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Entries : Daniel Burnham: Highway Planning
Daniel Burnham: Highway Planning

Daniel Burnham: Highway Planning

Daniel Burnham is perhaps best known for his famous statement:

Make no little plans. They have no magic to stir men's blood and probably will not themselves be realized. Make big plans, aim high in hope and work, remembering that a noble, logical diagram once recorded will never die, but long after we are gone will be a living thing, asserting itself with ever growing insistency. Remember that our sons and grandsons are going to do things that would stagger us.

In his 1909 Plan, Burnham applied this vision to the future of the Chicago region. He diagramed a system of encircling highways from Kenosha to Michigan City, with other roads running directly into the city. Burnham explained the importance of good roads for the future of the region more than a generation before the interstate highway system:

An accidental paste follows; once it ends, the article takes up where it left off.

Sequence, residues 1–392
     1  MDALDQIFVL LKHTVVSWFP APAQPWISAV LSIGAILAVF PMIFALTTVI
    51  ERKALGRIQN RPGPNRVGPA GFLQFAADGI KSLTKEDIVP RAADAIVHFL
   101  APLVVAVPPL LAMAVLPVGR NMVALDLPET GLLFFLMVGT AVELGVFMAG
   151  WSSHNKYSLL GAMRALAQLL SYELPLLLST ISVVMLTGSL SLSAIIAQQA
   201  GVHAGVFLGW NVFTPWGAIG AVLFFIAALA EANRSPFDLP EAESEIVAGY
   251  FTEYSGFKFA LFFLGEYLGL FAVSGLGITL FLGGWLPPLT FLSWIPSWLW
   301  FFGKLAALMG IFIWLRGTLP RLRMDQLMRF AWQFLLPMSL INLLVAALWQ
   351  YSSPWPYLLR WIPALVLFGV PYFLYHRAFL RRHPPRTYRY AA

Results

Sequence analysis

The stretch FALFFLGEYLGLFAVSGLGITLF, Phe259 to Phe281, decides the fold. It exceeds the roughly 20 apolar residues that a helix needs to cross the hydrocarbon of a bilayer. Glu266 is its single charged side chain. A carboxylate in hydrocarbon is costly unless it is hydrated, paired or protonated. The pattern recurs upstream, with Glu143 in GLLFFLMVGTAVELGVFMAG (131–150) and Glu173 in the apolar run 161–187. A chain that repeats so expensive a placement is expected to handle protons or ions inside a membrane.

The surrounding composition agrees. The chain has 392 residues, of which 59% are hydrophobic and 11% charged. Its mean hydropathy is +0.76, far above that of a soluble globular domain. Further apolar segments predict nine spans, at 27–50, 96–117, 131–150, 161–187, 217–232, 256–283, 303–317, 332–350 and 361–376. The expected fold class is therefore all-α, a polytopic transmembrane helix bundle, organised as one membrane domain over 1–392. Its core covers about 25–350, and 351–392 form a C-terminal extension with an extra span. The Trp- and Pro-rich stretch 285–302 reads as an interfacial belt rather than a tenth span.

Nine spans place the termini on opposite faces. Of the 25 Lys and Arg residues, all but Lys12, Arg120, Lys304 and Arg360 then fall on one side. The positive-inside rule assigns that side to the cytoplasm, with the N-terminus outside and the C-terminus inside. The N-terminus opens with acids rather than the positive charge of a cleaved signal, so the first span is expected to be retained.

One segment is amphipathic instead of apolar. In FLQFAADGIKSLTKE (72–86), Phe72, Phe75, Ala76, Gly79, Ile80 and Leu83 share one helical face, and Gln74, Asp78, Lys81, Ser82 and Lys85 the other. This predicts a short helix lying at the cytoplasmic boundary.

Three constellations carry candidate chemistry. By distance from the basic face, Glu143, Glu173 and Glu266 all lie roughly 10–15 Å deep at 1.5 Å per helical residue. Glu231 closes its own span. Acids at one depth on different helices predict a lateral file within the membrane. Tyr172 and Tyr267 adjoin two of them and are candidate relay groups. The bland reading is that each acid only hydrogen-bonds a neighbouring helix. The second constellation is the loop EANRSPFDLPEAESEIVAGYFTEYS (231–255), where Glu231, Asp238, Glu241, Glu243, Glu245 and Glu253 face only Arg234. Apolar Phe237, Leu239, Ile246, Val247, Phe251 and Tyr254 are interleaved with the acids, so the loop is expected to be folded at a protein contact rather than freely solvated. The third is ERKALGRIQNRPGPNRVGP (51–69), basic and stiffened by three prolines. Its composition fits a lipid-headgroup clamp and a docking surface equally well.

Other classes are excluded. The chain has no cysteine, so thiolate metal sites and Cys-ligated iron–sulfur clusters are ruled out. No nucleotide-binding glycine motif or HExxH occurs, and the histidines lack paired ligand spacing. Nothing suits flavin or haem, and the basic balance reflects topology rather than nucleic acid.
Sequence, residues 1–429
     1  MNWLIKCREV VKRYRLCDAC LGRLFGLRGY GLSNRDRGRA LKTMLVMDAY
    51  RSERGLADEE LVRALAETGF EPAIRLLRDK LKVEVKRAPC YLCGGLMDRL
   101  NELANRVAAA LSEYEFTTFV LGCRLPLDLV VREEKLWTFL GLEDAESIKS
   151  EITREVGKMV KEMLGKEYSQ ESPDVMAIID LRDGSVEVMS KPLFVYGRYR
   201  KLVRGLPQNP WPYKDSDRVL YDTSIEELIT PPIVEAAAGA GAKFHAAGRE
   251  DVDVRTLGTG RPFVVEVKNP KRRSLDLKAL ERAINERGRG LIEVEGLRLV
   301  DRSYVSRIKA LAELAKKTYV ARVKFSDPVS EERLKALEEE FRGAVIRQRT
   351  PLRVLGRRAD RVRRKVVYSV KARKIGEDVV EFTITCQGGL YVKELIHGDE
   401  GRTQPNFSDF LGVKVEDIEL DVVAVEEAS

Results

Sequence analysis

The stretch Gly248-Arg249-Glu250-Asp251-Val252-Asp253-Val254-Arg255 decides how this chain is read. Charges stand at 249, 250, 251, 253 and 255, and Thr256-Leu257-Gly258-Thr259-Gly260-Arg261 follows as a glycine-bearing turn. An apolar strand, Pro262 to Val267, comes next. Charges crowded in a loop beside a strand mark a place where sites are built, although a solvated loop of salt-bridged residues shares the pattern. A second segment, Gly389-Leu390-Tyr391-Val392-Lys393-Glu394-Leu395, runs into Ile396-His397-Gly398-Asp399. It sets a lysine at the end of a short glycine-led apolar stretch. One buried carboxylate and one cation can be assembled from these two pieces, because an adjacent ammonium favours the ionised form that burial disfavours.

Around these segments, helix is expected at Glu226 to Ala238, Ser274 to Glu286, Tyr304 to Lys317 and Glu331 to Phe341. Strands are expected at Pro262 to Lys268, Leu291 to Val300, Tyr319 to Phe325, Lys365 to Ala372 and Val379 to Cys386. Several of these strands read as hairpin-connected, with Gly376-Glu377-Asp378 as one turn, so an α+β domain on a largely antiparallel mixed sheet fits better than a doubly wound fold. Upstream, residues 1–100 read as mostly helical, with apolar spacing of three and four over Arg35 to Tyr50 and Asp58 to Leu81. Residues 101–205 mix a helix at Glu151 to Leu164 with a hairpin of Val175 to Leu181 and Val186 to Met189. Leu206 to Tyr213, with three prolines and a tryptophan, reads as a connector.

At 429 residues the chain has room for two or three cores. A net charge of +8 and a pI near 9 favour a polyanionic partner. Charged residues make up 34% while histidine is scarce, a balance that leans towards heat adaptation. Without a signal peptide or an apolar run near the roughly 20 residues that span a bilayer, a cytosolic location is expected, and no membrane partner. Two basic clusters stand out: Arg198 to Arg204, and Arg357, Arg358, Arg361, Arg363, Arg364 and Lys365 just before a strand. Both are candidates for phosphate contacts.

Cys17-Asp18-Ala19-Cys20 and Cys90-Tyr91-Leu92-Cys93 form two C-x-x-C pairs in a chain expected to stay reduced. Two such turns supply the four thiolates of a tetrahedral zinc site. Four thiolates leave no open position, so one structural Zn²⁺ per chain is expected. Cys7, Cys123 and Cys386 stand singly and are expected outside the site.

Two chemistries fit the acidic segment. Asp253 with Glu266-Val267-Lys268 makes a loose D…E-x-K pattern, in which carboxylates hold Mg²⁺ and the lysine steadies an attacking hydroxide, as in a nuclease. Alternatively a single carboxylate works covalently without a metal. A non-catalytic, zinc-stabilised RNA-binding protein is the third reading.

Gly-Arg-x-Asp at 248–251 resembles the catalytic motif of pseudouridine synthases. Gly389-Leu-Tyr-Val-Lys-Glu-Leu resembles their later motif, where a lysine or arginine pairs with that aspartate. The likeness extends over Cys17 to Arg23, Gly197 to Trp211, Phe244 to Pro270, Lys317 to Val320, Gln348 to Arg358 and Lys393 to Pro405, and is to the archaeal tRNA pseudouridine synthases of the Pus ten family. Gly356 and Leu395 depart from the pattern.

It needs no argument to show that direct highways leading from the outlying towns to Chicago as the center are of necessity for both; and it is also apparent that suburban towns should be connected with one another in the best manner. Isolated communities lack those social and commercial advantages which arise from easy communication one with another....

While good highways are of great value to the terminal cities, they are of even greater value to the outlying towns, and of greatest value to the farming communities through which they pass. Good roads add an element of better living to an agricultural community; they afford ready communication with the city and reduce materially the cost of handling farm products of all kinds; and also they promote communication between farms....

At the earliest possible date measures should be taken for beginning what may be termed the outer encircling highway. Beginning at Kenosha on the north, this thoroughfare would run through ... Woodstock, . . .DeKalb, Kankakee, ... Valparaiso to Lake Michigan at Michigan City.... It is obvious that such a highway, properly built and adorned, would become a strong influence in the development of the social and material prosperity of the cities involved, and of all the farming communities along the entire route.

Burnham, Daniel H., and Edward H. Bennett. Plan of Chicago. 1909, 40–42.